Sunday, October 26, 2008

Light Bobs

Having nothing better to do this weekend, I dug out and rehabilitated some old, poorly painted British Light Infantry for the Fort Niagara Campaign. They are the ever-reliable RSMs, straight out of the relevant Blanford and lovely to paint. I decided to do a representative few from each of the light companies present at la Belle Famille. The sharp eyed among you will notice that the pants on a couple of the figures are white. I was looking for a means of adding a bit more variety to the very-similarly uniformed troopers and remembered the 44th wore white small-clothes in their fatal encounter on the Monongahela, ans so it went. I'll be repeating this experiment on their cousins in the Line companies as well to difference them from the men of the 46th.
Note the unit designations on the back of the bases.
I'll try to have a little skirmish game soon to try out the Drums of War rules.

Friday, October 24, 2008

Fort Niagara

I'm starting to look at building Fort Niagara.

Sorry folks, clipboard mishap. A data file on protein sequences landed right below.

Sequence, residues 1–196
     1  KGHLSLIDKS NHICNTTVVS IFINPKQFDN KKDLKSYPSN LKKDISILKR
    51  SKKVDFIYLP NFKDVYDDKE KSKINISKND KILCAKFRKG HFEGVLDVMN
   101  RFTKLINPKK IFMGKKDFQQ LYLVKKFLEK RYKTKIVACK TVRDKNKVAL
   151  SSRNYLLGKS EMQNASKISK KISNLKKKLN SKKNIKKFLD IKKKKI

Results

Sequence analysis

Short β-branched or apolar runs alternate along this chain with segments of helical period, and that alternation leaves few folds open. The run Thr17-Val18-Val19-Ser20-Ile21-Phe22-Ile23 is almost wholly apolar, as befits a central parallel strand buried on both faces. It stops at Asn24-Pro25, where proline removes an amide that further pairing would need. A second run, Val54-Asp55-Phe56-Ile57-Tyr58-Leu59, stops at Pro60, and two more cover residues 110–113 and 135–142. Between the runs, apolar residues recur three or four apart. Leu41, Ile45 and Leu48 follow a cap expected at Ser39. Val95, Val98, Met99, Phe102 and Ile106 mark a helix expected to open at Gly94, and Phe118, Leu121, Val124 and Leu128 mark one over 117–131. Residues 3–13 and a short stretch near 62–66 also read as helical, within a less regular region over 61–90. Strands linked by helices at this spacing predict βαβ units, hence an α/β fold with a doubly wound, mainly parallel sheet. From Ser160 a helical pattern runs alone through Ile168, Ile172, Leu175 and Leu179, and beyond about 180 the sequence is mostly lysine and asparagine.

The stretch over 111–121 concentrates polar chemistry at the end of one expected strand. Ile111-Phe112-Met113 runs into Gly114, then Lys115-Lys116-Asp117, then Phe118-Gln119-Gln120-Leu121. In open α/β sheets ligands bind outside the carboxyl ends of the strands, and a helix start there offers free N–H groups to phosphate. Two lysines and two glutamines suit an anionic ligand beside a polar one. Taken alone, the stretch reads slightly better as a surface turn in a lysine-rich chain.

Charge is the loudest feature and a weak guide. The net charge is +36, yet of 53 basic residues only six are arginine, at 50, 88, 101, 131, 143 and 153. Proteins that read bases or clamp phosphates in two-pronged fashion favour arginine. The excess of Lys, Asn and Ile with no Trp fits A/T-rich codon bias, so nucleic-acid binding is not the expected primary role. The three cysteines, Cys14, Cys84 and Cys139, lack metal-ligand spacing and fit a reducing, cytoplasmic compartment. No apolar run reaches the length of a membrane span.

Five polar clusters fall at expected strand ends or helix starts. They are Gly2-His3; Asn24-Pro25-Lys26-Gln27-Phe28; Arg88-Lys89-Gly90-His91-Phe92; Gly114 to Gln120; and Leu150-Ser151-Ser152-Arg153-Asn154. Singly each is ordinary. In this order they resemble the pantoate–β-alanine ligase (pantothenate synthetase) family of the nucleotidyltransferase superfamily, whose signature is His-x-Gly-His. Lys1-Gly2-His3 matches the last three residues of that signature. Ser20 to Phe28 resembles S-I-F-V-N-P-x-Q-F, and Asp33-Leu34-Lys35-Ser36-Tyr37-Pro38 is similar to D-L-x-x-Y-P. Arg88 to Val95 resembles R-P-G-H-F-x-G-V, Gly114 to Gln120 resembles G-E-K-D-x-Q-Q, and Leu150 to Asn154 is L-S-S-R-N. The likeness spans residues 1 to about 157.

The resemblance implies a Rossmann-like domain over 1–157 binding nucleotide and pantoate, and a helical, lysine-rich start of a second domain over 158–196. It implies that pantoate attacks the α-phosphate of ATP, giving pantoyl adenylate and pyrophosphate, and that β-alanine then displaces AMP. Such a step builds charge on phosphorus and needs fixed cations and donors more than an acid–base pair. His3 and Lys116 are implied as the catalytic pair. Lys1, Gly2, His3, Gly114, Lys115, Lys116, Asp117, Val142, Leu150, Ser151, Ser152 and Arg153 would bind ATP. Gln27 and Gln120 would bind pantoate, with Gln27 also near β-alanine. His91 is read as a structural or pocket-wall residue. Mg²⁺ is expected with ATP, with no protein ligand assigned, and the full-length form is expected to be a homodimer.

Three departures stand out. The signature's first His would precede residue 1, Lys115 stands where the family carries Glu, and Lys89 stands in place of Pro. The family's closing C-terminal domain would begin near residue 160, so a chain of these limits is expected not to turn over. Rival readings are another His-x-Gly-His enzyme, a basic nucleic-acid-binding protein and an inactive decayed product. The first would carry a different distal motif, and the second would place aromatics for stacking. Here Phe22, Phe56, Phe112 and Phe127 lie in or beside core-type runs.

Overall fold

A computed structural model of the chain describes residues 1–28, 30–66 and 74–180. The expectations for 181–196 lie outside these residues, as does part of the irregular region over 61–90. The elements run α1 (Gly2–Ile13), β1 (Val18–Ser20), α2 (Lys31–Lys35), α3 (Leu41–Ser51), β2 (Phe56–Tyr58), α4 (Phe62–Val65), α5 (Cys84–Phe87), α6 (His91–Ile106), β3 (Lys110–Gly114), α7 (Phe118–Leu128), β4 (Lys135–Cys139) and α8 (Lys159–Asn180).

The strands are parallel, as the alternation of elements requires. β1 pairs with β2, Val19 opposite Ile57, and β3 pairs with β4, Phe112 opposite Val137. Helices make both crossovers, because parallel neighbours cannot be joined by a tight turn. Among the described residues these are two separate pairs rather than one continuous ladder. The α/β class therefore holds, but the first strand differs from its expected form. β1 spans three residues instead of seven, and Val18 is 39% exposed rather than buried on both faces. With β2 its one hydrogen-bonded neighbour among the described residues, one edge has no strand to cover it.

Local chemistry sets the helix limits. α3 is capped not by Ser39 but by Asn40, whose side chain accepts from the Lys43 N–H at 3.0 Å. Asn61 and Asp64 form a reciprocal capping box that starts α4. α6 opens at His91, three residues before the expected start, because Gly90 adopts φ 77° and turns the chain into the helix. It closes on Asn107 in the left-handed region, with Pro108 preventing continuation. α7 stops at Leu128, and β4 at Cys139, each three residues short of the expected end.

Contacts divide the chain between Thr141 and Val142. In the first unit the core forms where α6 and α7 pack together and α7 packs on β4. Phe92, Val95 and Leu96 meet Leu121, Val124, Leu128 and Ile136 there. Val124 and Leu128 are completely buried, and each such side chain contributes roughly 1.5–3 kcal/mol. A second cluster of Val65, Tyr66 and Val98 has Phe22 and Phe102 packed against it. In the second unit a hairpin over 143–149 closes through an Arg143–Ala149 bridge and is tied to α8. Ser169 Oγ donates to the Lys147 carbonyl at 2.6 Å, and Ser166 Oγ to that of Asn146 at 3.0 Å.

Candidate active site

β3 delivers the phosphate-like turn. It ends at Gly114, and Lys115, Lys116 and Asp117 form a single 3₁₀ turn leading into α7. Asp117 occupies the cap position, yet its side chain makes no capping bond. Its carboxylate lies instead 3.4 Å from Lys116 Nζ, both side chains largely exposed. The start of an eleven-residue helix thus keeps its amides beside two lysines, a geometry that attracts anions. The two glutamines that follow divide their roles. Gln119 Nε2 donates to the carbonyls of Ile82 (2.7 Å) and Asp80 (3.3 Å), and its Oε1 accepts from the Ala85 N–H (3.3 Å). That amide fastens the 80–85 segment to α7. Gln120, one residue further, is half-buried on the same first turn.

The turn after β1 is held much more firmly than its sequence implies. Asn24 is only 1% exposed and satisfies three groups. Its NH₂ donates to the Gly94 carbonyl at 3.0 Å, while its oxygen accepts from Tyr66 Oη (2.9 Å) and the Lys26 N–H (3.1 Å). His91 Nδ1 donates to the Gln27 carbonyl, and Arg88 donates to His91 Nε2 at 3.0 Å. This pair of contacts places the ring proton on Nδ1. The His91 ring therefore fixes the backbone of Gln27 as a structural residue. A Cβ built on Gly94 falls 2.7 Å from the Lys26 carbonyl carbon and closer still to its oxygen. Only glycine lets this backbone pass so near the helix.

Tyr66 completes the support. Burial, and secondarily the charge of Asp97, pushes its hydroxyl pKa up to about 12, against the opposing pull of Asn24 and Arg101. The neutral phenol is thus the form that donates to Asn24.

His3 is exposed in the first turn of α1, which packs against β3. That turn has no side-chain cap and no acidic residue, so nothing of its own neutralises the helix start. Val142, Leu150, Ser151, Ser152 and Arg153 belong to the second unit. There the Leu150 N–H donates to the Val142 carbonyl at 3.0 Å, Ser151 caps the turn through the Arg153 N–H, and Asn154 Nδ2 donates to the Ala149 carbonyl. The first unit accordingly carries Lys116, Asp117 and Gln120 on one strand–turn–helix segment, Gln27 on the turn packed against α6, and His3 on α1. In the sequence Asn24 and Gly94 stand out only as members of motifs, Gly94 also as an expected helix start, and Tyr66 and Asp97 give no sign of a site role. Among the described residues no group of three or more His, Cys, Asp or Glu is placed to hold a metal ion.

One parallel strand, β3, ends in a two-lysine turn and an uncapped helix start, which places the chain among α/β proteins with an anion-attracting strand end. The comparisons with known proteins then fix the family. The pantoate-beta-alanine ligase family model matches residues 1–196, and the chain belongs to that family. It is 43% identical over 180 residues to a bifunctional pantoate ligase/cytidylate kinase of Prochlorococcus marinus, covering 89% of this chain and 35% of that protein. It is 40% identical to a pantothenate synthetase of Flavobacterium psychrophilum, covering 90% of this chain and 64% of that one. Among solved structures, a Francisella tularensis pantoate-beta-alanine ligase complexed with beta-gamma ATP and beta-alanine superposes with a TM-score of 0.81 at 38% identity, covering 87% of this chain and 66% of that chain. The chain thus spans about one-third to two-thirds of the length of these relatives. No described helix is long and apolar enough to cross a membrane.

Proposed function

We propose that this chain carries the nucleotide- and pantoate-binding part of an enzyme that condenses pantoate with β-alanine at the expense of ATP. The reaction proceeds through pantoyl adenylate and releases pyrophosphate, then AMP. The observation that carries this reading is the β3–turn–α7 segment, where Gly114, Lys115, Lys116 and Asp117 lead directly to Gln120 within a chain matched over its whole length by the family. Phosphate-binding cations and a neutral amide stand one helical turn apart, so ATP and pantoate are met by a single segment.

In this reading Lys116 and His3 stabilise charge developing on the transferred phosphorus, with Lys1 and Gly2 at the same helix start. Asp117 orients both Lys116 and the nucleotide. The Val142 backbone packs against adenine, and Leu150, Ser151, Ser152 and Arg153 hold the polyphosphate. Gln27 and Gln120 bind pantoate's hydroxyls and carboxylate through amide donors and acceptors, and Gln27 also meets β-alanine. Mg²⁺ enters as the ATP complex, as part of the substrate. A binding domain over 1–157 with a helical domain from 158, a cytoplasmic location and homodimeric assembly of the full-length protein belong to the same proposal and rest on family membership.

It's quite an unusual fortification for the French and Indian War. Most of the larger forts that the French built were more like that at Ticonderoga/Carillon, being basically a square plan with a bastion at each corner. A ravelin might cover a gate or push the defences deeper out into the surrounding terrain.

Niagara was a rather different story. Originally a rather dilapidated wooden stockade surrounding a few buildings, the French engineer Pouchot decided that he would wall in the point on which the fort would sit. That original trace may be observed in the fort today.

He built what is basically a crown-work of two demi-bastions connected by a curtain, with a large bastion covering the gate. The bastion stood in a ditch, but the lunettes either side of it that supported the covered way stood on the salient places d'armes, proud of the ditch. On closely examining the diagram and the cross-sections, it also seems to me that a shallow ditch was excavated in front of these as well, but that it was not part of the main ditch.

Much of the work was built of material excavated (as can be seen in the cross-sections in the image above) from the ditch. Obviously, the forts defences are oriented eastwards as that was the most likely avenue of attack, although the northern and southen walls were fortified to a degree with retrenchments and stakes.